3. traversal between objects, means to ask other objects for objects. For example that have to be used for inner aggregates of course.

    But there are some entities that need to be accessible through search based on attributes. One way to deal with this is the "query and build" techniquebut this tends on a too technical focus and views objects as datacontainer (that is not optimal for DDD). That is where repositories enter the scene...

    Repositories

    For each object where you need global access create a repository object that can provide the illusion of an in memory collection of all objects of that type. Setup access through a well knows global interface.

    A Repository typically has methods for add, remove and find (=select based on some criteria). Advantages:

      • Decouple client from technical storage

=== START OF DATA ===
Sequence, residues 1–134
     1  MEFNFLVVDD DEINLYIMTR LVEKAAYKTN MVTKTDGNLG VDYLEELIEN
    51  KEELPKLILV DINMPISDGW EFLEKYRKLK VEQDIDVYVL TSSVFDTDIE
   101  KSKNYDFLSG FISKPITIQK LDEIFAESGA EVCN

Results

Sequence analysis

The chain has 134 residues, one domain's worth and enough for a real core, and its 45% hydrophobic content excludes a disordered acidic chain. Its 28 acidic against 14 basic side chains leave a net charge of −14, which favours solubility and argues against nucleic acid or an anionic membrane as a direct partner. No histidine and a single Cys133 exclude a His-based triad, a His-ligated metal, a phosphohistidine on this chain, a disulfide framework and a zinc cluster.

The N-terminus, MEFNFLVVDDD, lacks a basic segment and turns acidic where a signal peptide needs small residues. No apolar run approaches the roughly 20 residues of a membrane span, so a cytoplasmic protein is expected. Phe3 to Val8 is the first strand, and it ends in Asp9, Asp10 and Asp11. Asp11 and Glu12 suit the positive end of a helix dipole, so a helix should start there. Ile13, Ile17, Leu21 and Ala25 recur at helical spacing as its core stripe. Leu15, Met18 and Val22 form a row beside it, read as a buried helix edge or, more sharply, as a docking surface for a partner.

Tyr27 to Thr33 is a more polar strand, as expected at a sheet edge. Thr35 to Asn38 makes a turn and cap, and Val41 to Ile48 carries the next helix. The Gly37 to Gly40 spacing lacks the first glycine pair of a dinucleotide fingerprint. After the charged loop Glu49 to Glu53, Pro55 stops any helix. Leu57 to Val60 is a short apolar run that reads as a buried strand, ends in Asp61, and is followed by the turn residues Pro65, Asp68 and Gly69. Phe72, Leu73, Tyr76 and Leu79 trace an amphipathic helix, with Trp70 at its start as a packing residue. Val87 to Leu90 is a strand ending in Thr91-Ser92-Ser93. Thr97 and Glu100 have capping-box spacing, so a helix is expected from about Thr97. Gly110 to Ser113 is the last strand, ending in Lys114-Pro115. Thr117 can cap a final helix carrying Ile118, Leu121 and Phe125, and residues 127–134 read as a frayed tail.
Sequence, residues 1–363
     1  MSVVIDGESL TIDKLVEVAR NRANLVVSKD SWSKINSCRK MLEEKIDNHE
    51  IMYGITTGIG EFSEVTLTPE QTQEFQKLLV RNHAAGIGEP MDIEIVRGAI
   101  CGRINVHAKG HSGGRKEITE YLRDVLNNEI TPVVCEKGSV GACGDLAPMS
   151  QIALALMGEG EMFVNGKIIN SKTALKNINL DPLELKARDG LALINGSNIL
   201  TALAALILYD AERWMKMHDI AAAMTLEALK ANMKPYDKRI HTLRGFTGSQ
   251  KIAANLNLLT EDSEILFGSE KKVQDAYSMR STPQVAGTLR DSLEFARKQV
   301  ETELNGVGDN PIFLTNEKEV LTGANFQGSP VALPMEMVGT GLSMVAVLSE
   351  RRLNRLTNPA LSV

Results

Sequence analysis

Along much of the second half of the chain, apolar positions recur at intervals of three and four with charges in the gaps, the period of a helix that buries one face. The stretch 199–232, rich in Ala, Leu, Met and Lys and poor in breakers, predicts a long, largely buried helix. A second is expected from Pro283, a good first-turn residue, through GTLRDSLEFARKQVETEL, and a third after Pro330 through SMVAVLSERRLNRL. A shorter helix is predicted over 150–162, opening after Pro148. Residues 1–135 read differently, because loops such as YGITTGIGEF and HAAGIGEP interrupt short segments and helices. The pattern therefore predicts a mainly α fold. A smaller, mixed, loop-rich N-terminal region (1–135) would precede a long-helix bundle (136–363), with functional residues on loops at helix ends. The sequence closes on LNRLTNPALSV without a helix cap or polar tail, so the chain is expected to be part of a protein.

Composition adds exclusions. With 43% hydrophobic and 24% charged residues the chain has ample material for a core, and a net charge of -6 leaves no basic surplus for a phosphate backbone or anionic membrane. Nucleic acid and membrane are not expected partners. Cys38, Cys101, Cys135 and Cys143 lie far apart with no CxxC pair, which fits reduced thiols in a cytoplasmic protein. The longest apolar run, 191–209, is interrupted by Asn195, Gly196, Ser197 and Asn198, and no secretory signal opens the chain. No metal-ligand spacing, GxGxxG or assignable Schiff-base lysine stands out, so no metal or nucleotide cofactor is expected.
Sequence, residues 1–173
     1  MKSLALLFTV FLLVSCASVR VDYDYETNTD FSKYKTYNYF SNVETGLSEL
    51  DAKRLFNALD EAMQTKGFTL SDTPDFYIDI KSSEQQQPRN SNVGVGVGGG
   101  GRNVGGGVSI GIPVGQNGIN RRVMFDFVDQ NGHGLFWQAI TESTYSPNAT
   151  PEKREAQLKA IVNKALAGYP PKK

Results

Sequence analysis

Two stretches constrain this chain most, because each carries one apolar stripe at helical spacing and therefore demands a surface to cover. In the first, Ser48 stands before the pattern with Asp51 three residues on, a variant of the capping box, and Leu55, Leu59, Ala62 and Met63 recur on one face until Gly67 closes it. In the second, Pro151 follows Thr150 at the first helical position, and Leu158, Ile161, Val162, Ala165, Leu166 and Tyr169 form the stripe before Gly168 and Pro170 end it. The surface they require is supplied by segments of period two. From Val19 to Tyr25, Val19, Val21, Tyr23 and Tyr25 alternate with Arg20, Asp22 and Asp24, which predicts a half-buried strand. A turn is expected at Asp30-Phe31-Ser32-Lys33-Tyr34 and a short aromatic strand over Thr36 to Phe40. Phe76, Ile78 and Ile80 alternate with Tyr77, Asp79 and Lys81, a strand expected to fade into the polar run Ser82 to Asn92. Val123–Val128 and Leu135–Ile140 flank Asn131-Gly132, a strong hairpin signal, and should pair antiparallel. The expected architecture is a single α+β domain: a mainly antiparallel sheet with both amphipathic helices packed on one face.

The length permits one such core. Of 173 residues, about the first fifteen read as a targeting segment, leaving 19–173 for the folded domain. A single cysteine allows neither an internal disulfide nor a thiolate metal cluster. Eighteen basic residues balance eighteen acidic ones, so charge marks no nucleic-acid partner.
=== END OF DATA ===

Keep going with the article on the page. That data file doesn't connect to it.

• Performance tuning possible
      • Communicate design decisions related to data access
      • keep model focus
      • dummy implementation for unit testing is possible.
      • Repositories can hide the OR mapping.

      If the repository is responsible for retrieving a certain entity that is build by a factory, the repository normally calls the "reconstitution" method of the factory.

      Bigger picture

       

      This diagram (taken from the book) is an overview showing the parts of domain driven design.

      Beside the building blocks Eric Evans also pointed out principles that should help to have a supple design in the implementation. One of the main goal of a supple design is that you have code where the developers love to work with - because it is understandable, logic, maintainable and extendable. This are some of the the principles:

      • classes should have an "intention revalving interface": names of classes and methods should explain clearly what they do.